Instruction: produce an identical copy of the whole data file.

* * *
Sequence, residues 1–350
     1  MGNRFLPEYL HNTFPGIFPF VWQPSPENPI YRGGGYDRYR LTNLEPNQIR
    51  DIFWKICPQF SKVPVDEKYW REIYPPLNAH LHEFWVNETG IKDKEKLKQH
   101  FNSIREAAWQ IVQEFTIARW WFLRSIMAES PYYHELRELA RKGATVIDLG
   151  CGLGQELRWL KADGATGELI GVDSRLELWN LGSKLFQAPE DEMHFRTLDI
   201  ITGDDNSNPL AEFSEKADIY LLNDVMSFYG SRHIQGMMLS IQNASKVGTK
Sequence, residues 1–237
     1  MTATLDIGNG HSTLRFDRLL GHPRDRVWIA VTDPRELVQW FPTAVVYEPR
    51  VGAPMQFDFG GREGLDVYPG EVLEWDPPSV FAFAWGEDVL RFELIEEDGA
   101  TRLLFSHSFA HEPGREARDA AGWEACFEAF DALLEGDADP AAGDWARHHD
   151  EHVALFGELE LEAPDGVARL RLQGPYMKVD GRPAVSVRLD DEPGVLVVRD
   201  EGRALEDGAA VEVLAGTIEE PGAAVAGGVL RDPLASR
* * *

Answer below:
Sequence, residues 1–350
     1  MGNRFLPEYL HNTFPGIFPF VWQPSPENPI YRGGGYDRYR LTNLEPNQIR
    51  DIFWKICPQF SKVPVDEKYW REIYPPLNAH LHEFWVNETG IKDKEKLKQH
   101  FNSIREAAWQ IVQEFTIARW WFLRSIMAES PYYHELRELA RKGATVIDLG
   151  CGLGQELRWL KADGATGELI GVDSRLELWN LGSKLFQAPE DEMHFRTLDI
   201  ITGDDNSNPL AEFSEKADIY LLNDVMSFYG SRHIQGMMLS IQNASKVGTK
Sequence, residues 1–237
     1  MTATLDIGNG HSTLRFDRLL GHPRDRVWIA VTDPRELVQW FPTAVVYEPR
    51  VGAPMQFDFG GREGLDVYPG EVLEWDPPSV FAFAWGEDVL RFELIEEDGA
   101  TRLLFSHSFA HEPGREARDA AGWEACFEAF DALLEGDADP AAGDWARHHD
   151  EHVALFGELE LEAPDGVARL RLQGPYMKVD GRPAVSVRLD DEPGVLVVRD
   201  EGRALEDGAA VEVLAGTIEE PGAAVAGGVL RDPLASR